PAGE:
Limiting debate is undemocratic
Thursday, Mar 08, 2018 06:00 am
Coun. Susan Flowers came forward with an interesting notice of motion last week that, if approved by council, will limit the number of notice of motions councillors can bring forward to three.
A notice of motion is essentially a way for councillors to bring forward emergent issues, either at the behest of citizens or motivated by their own politics.
Flowers’ reasoning makes sense on the surface. The town has a lot of projects on the books it wants to work through and she doesn’t want councillors holding up the process with a constant stream of new business.
Unfortunately, while her motion might help ensure town administration runs more efficiently, it completely stifles citizen engagement and limits how responsive a councillor can respond to emergent community needs or new ideas.
It also limits council’s ability to provide leadership and good governance, effectively handing that role to the Town of Cochrane’s bureaucracy – a move that is extremely undemocratic.
What happens after the allotment of motions has been reached? What would be the point then of public delegations to council? Or, why would citizens bother emailing councillors with concerns, if this motion has tied their hands? Instead, members of the public would have to try and persuade administrators to bring their issues to council. What then is the point of having elected officials?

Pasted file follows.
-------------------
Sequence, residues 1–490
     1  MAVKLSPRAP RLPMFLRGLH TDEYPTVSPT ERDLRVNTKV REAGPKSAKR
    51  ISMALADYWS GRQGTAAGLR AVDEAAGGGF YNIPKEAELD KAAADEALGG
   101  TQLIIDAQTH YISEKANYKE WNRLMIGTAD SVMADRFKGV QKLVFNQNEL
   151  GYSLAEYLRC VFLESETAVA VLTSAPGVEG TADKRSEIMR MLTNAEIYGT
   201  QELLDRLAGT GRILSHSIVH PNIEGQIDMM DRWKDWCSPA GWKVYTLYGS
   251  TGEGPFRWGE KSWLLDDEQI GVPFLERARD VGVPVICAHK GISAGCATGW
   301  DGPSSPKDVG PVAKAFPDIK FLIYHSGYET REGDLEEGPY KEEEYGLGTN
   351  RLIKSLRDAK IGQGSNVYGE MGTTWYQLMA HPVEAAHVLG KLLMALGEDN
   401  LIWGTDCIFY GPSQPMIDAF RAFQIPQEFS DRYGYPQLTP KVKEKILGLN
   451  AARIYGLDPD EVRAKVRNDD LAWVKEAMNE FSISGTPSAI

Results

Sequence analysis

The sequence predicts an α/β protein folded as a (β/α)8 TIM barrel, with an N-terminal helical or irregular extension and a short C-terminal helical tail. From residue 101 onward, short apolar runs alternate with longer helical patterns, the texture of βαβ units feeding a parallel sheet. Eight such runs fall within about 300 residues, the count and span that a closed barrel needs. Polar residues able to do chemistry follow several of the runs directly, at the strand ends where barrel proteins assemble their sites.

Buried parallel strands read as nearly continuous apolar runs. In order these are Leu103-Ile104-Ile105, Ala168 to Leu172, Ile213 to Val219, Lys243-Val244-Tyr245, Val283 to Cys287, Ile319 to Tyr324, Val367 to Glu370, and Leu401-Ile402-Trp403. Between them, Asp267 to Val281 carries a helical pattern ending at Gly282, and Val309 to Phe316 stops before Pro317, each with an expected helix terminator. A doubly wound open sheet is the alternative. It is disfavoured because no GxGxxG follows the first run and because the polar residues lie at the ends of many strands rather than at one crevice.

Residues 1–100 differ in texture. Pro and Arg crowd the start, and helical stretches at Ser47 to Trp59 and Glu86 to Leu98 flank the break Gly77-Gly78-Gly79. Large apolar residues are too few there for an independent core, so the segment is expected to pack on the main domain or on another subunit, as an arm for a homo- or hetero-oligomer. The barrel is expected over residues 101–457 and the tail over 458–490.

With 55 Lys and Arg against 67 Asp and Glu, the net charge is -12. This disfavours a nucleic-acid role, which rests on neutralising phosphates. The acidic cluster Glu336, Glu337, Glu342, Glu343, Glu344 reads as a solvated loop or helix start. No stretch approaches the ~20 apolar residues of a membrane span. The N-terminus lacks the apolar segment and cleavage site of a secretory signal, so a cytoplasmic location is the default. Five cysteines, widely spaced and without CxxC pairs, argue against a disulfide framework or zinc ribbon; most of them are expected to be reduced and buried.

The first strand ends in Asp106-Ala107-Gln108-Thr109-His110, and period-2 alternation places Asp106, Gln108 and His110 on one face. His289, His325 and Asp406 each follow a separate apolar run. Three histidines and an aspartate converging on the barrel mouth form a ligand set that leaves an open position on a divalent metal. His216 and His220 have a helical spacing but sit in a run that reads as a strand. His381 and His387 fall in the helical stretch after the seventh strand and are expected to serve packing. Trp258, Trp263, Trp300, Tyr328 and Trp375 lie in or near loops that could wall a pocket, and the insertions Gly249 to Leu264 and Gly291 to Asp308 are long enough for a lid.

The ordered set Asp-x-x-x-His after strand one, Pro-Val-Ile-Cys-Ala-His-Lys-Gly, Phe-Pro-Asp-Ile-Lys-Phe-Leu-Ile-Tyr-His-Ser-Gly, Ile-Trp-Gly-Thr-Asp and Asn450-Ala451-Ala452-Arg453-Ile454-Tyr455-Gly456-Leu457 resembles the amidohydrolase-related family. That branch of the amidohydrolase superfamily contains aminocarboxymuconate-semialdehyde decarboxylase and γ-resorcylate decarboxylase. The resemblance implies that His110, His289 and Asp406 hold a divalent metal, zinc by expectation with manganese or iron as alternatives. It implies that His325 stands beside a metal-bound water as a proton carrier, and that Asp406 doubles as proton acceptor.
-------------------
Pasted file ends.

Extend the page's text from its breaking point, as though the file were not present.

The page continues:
We trust councillors not to be frivolous with the motions they bring to council. We also rely on public opinion to enforce that belief. Proof to that statement can be seen in the amount of criticism Coun. Morgan Nagel – who has a leading five notices of motion so far this term – has received in recent weeks in letters to the editor and on social media.
It is also a matter of how needed Flowers’ motion actually is. In the previous term between January 2014 and October 2017, councillors tabled a total of 15 notices of motion or five per year, which is not unreasonable. While we can’t speculate on the unusually high number of notices of motions to kick off this term, especially with Nagel single-handedly matching previous totals, we can’t dismiss the possibility it is related to his United Conservative Party candidacy.
A town’s strategic plan should be a living document, subject to revision as needs change. Considering how fast Cochrane has been growing, the speed in which technology evolves and our diversifying demographics, it is absurd to think town planning will move in a straight line. In fact, voters should be worried if it did because good governance and leadership means changing course when required.
Those who don’t recognize that fact will find themselves without a job come the next election.